The U.S. economy jumped 33.4 percent at the annual rate in the third quarter, the largest increase in the history of the series, which dates to 1947, according to Chad Moutray, Ph.D. and Chief Economist at the National Association of Manufacturers. Despite soaring in the third quarter, real GDP remained down 3.4 percent year to date. The forecast for growth in the fourth (or current) quarter is 6.0 percent, with 4.5 percent growth anticipated for 2021.
Real value-added output in the manufacturing sector rose to $2.213 trillion in the third quarter, as expressed in chained 2012 dollars. It remained down 1.0 percent from the all-time high recorded in the fourth quarter of 2019 ($2.236 trillion), despite tremendous volatility year-to-date. Overall, manufacturing accounted for 11.0 percent of real GDP in the third quarter, with value-added output (in nominal terms) up to $2.329 trillion, just 1.7 percent from a record high.
In the latest NAM Manufacturers’ Outlook Survey, 74.2% of respondents were either somewhat or very positive about the outlook for their company. It represented notable improvement after the 33.9 percent and 66.0 percent readings in the second and third quarters.
Just over 29 percent of manufacturers said that their revenues will have recovered either before or during the fourth quarter, and 67.7 percent anticipate that their revenues will be back to pre-pandemic levels by the end of 2021. After two quarters with weaker domestic demand topping the list of primary business challenges, the inability to attract and retain talent led the pack once again in the fourth quarter.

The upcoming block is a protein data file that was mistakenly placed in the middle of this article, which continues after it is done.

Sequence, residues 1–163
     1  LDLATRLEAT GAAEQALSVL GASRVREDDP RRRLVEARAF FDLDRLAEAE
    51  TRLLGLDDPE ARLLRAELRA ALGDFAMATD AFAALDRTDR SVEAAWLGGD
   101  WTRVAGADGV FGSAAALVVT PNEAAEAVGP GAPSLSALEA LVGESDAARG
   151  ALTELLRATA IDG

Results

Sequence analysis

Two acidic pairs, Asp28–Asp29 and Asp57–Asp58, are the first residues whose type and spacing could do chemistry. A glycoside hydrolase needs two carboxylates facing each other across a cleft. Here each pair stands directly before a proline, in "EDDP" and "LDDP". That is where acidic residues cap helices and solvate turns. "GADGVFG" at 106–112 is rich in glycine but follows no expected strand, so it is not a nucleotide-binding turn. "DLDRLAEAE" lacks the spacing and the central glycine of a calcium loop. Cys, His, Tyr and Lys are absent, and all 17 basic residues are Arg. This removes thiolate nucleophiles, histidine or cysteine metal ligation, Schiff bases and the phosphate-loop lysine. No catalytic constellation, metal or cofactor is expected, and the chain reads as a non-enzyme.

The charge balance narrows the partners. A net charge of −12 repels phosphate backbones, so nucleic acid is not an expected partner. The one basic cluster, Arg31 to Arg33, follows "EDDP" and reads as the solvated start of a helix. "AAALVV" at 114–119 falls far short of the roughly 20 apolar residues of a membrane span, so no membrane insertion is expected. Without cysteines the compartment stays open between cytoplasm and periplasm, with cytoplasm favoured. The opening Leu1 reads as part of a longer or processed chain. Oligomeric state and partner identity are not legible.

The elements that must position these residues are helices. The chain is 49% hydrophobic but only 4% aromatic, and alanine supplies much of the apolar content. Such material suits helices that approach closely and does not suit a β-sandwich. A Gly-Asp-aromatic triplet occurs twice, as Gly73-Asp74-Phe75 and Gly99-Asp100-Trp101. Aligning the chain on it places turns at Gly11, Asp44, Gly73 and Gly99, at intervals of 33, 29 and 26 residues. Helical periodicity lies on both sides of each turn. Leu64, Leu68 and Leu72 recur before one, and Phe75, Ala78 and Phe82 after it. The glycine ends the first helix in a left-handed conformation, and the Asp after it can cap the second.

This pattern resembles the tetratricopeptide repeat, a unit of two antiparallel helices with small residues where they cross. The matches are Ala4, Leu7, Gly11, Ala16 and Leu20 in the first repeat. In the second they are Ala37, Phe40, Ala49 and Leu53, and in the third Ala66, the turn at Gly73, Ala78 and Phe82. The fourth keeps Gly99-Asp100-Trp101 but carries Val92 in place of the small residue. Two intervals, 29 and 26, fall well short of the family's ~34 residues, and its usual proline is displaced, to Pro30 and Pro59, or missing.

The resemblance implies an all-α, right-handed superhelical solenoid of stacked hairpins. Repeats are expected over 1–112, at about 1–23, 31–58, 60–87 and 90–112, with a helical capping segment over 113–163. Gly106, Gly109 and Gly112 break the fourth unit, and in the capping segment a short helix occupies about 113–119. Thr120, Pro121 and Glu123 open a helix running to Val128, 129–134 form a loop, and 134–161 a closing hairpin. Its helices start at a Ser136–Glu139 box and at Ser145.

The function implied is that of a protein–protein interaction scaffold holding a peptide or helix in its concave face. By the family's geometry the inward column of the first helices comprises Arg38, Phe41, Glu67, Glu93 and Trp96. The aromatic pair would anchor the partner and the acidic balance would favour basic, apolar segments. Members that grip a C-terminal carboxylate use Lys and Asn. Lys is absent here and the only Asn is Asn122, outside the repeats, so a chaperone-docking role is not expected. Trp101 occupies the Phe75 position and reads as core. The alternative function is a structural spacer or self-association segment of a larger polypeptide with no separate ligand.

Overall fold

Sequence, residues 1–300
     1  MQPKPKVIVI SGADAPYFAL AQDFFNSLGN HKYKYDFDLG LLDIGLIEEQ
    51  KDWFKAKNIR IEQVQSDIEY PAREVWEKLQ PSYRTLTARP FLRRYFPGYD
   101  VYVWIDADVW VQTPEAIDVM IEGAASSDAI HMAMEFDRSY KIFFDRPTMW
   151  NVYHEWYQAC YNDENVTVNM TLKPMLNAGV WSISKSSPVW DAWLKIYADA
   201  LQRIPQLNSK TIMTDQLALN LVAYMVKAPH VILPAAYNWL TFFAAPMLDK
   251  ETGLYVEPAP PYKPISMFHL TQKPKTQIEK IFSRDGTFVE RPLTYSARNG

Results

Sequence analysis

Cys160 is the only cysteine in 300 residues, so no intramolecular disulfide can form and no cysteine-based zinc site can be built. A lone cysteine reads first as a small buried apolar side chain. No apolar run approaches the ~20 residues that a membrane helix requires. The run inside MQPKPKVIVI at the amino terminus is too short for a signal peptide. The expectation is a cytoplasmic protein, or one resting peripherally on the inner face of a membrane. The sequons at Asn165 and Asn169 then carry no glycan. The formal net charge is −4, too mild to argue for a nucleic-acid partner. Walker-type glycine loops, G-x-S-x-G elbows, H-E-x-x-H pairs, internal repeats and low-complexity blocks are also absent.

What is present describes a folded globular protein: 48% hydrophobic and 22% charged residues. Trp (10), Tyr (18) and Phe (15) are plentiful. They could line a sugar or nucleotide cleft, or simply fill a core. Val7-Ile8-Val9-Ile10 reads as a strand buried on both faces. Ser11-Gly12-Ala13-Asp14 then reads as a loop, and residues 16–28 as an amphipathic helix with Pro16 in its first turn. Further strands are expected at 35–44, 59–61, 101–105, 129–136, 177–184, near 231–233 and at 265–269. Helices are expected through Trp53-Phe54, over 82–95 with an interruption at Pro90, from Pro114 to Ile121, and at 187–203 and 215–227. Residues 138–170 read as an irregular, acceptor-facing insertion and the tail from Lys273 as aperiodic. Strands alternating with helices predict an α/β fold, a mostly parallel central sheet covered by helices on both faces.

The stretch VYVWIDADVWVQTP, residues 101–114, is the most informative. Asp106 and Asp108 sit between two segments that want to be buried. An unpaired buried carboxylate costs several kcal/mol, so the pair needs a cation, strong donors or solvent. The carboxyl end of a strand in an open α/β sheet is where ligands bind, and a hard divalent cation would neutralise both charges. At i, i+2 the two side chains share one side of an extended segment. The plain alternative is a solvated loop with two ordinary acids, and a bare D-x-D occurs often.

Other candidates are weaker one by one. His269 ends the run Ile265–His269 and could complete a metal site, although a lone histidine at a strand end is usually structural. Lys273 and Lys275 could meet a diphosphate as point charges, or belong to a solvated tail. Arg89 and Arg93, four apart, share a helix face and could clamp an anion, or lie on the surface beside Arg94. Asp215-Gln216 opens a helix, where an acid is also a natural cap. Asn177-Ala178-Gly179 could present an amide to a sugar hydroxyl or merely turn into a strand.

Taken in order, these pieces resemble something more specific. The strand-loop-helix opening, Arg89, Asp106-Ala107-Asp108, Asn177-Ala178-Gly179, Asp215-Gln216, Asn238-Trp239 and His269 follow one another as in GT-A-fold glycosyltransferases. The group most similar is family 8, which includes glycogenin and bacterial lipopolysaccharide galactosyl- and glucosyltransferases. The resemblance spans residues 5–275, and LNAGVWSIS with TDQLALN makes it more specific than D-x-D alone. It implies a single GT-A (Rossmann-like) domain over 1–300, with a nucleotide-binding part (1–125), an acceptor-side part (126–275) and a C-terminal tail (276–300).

New orders for durable goods rose 0.9 percent in November, rising for the seventh straight month. Overall, the durable goods manufacturing sector has bounced back soundly following steep declines in March and April due to the COVID-19 pandemic. On a year-over-year basis, new durable goods orders have grown by 3.8 percent since November 2019.
In last week’s releases for December, the Conference Board and the University of Michigan provided mixed news on consumer confidence. However, Americans were cautiously upbeat in their outlook, despite assessments of the economy being well below levels seen before the pandemic.
Personal consumption expenditures declined 0.4 percent in November, falling for the first time since April. The savings rate remained elevated at 12.9 percent. These data suggest that Americans were more hesitant in their consumer spending in November—something that will not be welcome news for retailers heading into the holiday season. Over the past 12 months, personal spending has fallen 1.3 percent since November 2019, largely on reduced spending for services.
Meanwhile, personal income fell 1.1 percent in November, but it has risen by 3.8 percent year-over-year. Manufacturing wages and salaries increased to $955.2 billion in November, with 3.7 percent growth over the past 12 months. The housing market continued to be a bright spot, buoyed by historically low mortgage rates. However, inventories remain very low, pushing prices higher.